Australian prime minister says Trump treated him like family
CANBERRA, Australia (AP) — Australia's prime minister on Friday described his first meeting with President Donald Trump as "more family than formal," as the Australian ended a brief visit to New York planned to set the tone of bilateral relations with the Republican administration.
Trump said on Thursday that his first telephone conversation with Prime Minister Malcolm Turnbull on Jan. 28 "got a little bit testy" when the president reluctantly agreed to honor President Barack Obama's promise to take up to 1,250 mainly Muslim refugees off Australia's hands. But Trump denied media reports that the tone was any harsher than that.
Turnbull said he enjoyed the opportunity to get to know the president face-to-face when they met aboard the decommissioned aircraft carrier USS Intrepid to mark the 75th anniversary of the Battle of the Coral Sea.
"We have backgrounds that are similar in many respects, businessmen that found our way into politics," Turnbull told reporters.
"It was very, very warm — as I said — more family than formal," he added. Turnbull's office released a transcript of the New York press conference on Saturday.
Turnbull, a wealthy 62-year-old former Goldman Sachs partner who first entered parliament in 2004, would not be drawn on the differences between meeting Trump and Obama. "The two presidents are obviously very different men. But I have been delighted and honored to meet with each of them," Turnbull said.
The fact that Trump delayed and cut short his meeting with Turnbull irked some in Australia, where morning TV show hosts, pundits and politicians pondered whether it was a snub. The minor Greens party dubbed the delay an embarrassment, and the leader of the main opposition party — hardly a fan of Turnbull's — voiced his displeasure at the prime minister being temporarily sidelined.
"I'll be honest — I didn't like the look of our prime minister being kept waiting for three hours, but I guess there is not much you can do about that," Labor Party leader Bill Shorten told reporters. "I hope the meeting was worthwhile."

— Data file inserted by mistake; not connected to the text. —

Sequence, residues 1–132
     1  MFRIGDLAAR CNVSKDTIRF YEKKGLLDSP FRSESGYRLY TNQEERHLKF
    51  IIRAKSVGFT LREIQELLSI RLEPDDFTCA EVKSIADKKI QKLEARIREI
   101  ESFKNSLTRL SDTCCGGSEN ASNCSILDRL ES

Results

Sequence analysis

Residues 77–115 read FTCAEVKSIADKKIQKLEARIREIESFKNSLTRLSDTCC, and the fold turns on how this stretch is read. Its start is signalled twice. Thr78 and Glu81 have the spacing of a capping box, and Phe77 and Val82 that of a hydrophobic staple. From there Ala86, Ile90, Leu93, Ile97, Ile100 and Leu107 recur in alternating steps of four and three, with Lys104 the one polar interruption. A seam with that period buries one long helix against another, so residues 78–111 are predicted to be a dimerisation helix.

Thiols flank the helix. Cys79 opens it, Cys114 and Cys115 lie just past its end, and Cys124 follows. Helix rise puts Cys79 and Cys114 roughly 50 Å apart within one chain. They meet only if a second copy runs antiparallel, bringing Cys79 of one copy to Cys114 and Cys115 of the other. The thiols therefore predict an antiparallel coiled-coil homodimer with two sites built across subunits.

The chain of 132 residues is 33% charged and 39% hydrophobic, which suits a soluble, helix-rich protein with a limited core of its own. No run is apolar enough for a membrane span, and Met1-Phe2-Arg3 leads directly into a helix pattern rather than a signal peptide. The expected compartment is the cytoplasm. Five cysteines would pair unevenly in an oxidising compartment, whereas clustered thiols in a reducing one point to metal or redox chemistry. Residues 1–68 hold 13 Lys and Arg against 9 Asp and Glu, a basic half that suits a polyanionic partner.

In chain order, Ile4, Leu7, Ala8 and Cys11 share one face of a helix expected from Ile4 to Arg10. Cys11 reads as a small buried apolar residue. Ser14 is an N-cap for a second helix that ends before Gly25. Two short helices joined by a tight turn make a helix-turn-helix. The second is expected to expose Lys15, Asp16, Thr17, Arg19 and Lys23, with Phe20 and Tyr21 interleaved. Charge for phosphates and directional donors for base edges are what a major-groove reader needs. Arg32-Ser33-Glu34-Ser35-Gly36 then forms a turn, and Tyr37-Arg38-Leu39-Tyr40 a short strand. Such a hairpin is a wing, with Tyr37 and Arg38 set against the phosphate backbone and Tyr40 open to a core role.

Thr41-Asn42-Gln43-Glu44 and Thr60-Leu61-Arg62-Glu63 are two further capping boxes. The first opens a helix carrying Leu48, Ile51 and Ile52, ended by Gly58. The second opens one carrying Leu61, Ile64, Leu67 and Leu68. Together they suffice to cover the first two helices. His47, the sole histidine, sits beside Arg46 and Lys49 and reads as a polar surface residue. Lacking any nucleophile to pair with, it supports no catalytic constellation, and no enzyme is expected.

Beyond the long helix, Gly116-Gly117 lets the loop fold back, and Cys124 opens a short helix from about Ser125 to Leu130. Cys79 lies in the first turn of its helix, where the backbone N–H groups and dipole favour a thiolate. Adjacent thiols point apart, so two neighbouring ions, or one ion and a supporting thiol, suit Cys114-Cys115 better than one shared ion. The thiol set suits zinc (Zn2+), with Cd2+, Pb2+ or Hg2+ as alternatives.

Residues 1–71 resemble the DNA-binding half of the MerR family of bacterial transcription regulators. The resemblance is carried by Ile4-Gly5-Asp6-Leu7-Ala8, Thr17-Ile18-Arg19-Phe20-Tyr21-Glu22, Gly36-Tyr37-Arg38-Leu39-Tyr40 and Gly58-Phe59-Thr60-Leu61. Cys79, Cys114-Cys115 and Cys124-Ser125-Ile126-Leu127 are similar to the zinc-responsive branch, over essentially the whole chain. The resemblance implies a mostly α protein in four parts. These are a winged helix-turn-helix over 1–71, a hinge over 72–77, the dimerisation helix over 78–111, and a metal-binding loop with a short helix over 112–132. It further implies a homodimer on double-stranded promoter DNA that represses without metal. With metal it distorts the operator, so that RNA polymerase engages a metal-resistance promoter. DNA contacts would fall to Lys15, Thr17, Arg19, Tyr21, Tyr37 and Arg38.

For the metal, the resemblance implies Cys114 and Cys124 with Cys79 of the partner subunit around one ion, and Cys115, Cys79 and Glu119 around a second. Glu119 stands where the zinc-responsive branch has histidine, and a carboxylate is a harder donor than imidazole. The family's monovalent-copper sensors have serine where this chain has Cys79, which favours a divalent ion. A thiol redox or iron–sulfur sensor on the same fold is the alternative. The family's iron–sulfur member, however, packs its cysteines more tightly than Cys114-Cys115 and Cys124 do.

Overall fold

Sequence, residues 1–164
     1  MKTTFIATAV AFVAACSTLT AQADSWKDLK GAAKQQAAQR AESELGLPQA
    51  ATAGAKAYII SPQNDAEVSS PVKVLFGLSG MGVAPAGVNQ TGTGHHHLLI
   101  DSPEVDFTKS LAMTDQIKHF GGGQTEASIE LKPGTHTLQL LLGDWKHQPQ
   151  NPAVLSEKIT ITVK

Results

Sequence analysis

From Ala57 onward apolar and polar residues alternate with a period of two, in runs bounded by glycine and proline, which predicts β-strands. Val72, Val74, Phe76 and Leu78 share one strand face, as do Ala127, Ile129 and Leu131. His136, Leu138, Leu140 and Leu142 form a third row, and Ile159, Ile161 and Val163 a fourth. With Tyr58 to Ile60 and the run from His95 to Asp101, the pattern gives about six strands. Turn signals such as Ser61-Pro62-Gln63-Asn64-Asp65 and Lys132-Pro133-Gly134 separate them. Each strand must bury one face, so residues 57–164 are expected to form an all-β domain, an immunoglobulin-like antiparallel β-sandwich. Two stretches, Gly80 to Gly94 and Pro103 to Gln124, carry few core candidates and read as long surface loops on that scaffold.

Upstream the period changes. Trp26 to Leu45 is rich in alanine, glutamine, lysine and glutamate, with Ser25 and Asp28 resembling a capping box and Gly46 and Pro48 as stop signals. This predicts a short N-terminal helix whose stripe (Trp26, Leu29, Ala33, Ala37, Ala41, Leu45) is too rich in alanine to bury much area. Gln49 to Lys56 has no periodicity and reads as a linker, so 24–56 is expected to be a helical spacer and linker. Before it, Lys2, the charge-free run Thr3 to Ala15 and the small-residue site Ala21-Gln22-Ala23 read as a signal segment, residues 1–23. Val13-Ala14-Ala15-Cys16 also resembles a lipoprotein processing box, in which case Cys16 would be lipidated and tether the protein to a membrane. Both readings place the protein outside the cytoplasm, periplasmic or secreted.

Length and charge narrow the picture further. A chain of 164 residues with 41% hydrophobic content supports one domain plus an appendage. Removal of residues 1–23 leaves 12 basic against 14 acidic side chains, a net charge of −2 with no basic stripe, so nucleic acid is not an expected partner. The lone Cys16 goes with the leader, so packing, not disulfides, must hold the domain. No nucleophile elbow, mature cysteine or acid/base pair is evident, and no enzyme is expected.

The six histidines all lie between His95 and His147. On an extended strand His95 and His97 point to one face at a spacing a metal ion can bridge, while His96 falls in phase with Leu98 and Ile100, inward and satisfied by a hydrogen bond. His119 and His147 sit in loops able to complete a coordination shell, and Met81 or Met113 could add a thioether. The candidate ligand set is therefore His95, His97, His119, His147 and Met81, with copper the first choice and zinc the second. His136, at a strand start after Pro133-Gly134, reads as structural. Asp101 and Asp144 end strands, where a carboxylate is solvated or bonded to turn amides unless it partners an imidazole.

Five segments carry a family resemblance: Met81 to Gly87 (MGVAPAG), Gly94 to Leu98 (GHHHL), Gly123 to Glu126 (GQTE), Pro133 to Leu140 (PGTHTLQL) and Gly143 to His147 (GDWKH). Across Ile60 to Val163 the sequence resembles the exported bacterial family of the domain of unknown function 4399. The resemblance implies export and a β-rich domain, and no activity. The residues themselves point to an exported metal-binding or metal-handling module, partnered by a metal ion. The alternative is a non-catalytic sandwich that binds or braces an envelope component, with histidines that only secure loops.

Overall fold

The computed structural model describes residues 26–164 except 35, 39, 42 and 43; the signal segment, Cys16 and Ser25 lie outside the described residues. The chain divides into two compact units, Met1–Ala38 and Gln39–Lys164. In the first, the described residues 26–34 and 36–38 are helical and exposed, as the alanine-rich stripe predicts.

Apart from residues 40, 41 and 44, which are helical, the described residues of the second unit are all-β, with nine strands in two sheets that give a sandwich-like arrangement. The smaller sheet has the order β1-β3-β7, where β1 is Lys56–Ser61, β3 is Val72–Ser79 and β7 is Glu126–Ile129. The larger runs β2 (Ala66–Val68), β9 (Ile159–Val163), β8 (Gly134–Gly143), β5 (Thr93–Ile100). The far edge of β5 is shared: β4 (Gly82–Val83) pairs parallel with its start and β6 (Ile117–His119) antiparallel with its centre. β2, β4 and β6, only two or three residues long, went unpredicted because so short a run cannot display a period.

Greens leader Richard Di Natale said it was embarrassing that Turnbull had to wait hours for Trump. Di Natale also suggested that Australia reconsider its alliance with the U.S., particularly with such a "dangerous and deranged president" in charge.
"It's embarrassing," Di Natale told Australian Broadcasting Corp. radio. "You've flown over halfway across the world, he's stuck in some waiting room in New York and he's been snubbed by the president of the U.S. I mean, he could have brought him over to Washington, he could have ensured he didn't treat him as disrespectfully as he has. It says everything about the relationship we've got with the U.S."
Turnbull had to achieve a delicate balance with the meeting — mend fences with Trump to get the alliance back on track after the contentious phone call, while also not appearing too deferential to the president, who is deeply unpopular with Australians.
Brendan Thomas-Noone, a research fellow at the United States Studies Center in Sydney, said whether Australians believed Turnbull had been successful in balancing those needs would likely be shaped by the prime minister's future decisions on Australia's commitment to America's various military operations.
"I also think the interesting thing will be, as we go forward, to see if the Turnbull government makes announcements about further commitments in the Middle East. And that will play into that perception, whether Turnbull was successful in terms of 'standing up' — in quotations — to Trump or not," Thomas-Noone said.
Turnbull said he did not discuss with Trump any changes to Australia's military commitment in the Middle East during "a good, broad discussion."